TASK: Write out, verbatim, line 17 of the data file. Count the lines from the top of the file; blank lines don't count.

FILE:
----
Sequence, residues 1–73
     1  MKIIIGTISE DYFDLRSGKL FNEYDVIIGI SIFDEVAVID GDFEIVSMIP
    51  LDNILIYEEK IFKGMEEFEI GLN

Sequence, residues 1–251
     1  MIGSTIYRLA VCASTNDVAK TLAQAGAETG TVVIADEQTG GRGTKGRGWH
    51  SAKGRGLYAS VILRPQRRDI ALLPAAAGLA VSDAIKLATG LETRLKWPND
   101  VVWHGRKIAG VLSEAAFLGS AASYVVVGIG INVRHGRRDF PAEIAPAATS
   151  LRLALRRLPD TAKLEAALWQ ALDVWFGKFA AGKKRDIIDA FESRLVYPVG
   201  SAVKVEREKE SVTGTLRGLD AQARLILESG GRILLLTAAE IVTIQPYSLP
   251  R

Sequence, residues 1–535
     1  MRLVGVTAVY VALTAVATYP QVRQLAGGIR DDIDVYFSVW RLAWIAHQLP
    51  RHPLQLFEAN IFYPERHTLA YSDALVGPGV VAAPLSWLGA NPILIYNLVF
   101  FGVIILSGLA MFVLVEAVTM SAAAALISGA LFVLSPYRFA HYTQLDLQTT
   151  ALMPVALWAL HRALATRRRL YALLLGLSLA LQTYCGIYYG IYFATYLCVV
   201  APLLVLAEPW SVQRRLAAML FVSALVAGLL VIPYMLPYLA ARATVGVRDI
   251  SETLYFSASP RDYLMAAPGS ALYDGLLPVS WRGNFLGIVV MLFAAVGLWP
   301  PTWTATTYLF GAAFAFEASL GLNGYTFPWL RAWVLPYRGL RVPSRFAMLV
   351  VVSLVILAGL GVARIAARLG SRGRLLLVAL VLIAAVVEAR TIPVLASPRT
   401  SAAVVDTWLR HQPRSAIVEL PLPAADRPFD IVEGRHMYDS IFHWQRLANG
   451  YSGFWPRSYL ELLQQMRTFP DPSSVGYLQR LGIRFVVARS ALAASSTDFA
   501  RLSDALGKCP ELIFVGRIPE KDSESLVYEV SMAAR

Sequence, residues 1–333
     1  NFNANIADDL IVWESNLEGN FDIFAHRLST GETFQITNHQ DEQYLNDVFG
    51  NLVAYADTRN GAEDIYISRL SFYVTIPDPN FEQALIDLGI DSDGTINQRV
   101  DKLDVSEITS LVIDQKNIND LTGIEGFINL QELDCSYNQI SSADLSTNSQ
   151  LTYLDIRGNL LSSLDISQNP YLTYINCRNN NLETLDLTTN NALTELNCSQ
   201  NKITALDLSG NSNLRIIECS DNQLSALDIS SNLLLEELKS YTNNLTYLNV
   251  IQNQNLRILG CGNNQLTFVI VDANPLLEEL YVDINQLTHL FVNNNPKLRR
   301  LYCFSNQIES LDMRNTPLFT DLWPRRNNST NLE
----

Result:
   251  SETLYFSASP RDYLMAAPGS ALYDGLLPVS WRGNFLGIVV MLFAAVGLWP